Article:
What a great session this was as Elvis starts off sounding a little insecure, but by the end of the seventh take everyone knew they had a number one classic in the can. The first few takes consist of the band trying to get the pounding intro perfected before Elvis notes, "Too slow. A little bit too slow."

Take 4 is sensational for the raw rasp in his voice and Scotty Moore’s very different guitar solo. The band for some reason stop too early with Elvis commenting in the background, "Oh bullshit man" and then explaining, "just keep it up, he’s gonna’ fade out in there!"
Take 5 is in fact the only recorded attempt completed right the way through to the end but although it is another dynamite version it doesn’t have the power of the final release and before Take 6 a vocally worn-out Elvis questions, “Just keep going?” before adding, “We’ll keep saying it until you’re ready to fade. My tongue will be out!”

Four more takes of the fabulous sounding 'Baby, I Don't Care' follow before once again we plough into 19 takes of 'Treat Me Nice' (movie version). Luckily this is one of my most favourite Elvis song and the first few takes are extremely enjoyable as Elvis and the band try and work towards recording this all-important number.

However even if 'Treat Me Nice' is one of your favourites with a total of 32 takes in a row one wonders what the general public will think of this session - although keen Elvis collectors I am sure will become super excited.

Luckily the most enjoyable part of the session is at the start when there is plenty of discussion between Elvis and The Jordanaires about the backing-vocal intro. Elvis says to the studio, "Hold it a minute Thorny and let's get this straight"!
On Take 3, the first complete run-through, Dudley Brooks plays a totally different, more jazzy, rhythm on the piano and Elvis nonchalantly slaps his guitar for the back-beat. Elvis’ vocal work here is deliciously cool and at the end he breaks up laughing with enjoyment. Elvis says, "That's a Hit!" This take is absolutely sensational listening.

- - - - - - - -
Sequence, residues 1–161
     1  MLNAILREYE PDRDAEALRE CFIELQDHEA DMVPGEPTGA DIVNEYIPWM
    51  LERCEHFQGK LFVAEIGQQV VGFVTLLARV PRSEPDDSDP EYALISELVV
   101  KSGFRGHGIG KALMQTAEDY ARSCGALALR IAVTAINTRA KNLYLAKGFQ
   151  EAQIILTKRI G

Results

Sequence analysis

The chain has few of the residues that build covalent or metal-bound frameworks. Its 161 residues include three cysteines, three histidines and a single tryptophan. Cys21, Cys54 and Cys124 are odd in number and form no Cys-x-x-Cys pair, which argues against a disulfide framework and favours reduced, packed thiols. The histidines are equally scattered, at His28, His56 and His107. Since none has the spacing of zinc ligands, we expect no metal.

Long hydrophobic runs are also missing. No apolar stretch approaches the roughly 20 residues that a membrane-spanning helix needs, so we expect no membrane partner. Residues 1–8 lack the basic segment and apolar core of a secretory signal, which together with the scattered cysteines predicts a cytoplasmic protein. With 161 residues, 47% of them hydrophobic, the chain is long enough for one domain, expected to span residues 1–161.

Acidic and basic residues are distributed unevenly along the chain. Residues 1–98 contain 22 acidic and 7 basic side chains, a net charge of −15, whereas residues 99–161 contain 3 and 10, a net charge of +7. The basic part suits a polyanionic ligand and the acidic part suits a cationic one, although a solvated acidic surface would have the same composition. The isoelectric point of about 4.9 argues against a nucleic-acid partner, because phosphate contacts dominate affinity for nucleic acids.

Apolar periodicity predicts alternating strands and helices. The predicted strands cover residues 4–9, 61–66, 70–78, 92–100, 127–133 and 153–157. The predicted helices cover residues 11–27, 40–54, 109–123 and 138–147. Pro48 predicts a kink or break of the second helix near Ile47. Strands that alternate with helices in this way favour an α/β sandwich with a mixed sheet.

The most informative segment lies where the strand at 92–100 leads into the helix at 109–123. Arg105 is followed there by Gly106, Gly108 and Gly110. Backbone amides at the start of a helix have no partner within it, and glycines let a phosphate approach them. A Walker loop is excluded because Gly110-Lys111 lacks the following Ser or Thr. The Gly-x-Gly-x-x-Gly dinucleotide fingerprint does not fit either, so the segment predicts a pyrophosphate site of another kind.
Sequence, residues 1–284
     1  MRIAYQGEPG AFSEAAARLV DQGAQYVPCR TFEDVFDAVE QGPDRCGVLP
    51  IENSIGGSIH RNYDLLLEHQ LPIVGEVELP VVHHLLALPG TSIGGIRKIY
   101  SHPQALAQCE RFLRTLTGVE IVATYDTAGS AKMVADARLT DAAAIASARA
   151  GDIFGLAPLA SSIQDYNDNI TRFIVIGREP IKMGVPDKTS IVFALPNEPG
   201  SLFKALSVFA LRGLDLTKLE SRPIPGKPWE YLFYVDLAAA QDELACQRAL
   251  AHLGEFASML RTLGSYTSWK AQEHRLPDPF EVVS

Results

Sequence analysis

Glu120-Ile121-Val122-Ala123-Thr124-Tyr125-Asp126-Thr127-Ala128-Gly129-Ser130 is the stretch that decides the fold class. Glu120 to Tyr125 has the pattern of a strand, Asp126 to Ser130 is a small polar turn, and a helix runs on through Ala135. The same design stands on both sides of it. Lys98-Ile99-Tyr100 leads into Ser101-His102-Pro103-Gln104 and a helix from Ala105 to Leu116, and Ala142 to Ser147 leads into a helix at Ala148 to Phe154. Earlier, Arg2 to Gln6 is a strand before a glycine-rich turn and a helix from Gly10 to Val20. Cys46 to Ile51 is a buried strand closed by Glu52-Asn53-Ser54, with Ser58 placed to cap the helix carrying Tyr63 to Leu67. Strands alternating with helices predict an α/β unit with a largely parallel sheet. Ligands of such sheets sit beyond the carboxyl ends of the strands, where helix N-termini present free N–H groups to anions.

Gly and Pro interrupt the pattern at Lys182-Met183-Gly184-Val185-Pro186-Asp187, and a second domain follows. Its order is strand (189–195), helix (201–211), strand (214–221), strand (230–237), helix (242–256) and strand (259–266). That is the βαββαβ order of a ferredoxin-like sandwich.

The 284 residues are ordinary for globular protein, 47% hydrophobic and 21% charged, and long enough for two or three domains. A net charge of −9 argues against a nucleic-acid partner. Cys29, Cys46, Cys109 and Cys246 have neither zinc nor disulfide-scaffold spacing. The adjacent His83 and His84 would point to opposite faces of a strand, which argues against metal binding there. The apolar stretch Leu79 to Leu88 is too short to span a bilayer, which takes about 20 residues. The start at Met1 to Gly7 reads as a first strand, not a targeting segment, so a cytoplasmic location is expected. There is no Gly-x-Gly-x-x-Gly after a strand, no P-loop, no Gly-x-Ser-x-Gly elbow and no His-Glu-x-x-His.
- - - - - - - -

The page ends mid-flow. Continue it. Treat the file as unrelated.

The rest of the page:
Elvis is obviously having great fun at this session before Take 8 jokingly announcing, “American Airlines flight 454 loading at Gate 5, Minneapolis, Saint Paul. All aboard please, don’t forget your babies and your luggage!” This suitably demonstrates the jovial atmosphere. Elvis also adds the marvellous, “That was a good tempo. That was swinging like a fat lady!”

More great shots of Elvis working in the studio

DISCS 4 & 5 - Jailhouse Rock Soundtrack Sessions - Part 2, 58 minutes. Part 3, 46 minutes.
As an Elvis fan one has to be disappointed that the session tapes of 'Hound Dog' and 'All Shook Up' and other classics were lost in the RCA vault clear out. So, to be honest, we have to feel positive that any recording sessions exist in full.
On the final two discs we get 32 takes of the three different arrangements of 'Young and Beautiful' plus the complete 24 takes of 'I Want To Be Free' plus 25 takes of the three alternate versions of 'Don't Leave Me Now'.

On the 'Young And Beautiful' Prison version fans will hear some deliberately poor versions where Elvis was required to sound more like an amateur. At the start Elvis even asks, “Do you want it awful?”
These versions are delightful as Elvis sings with minimal acoustic guitar, sounding delicate and insecure to match the movie's plot. “Go to hell Hollywood” Elvis jokes after Take 1.
Elvis’ performance is almost too insecure at times with Elvis joking to everyone, “If I get any worse the Johnston Office won’t pass it.”
Here Elvis is referring to Eric Johnston’s Hollywood Production Code, which made sure that films in the fifties were released "within the limits of good taste".

Later on with the 'Record Version' instead we find Elvis having fun in the studio joking about "Old Fuddly-Duddly” Dudley Brook on piano and singing the alternate, "Your lips so rare, your curly hair!” as the take 7 fails.
Plus the fabulous tease of Elvis joking about the smooth ballad, “Shit man, no! Get Pat Boone in here quick!”

On the 'I Want To Be Free' (Record Version) composer Mike Stoller took over at the piano and you can hear his input as a producer on the session tapes. The arrangement was now piano-driven and played at a faster tempo. Stoller would also appear playing piano in the movie itself.
Take 1 is fascinating as Elvis gets Stoller to change the style of the piano intro explaining, “No, no, I don’t mean like that. The same intro as Ray Charles does.” None of the early takes get anywhere with everyone messing up the timing of the start, along with some studio hilarity over a misunderstanding about someone beating-off!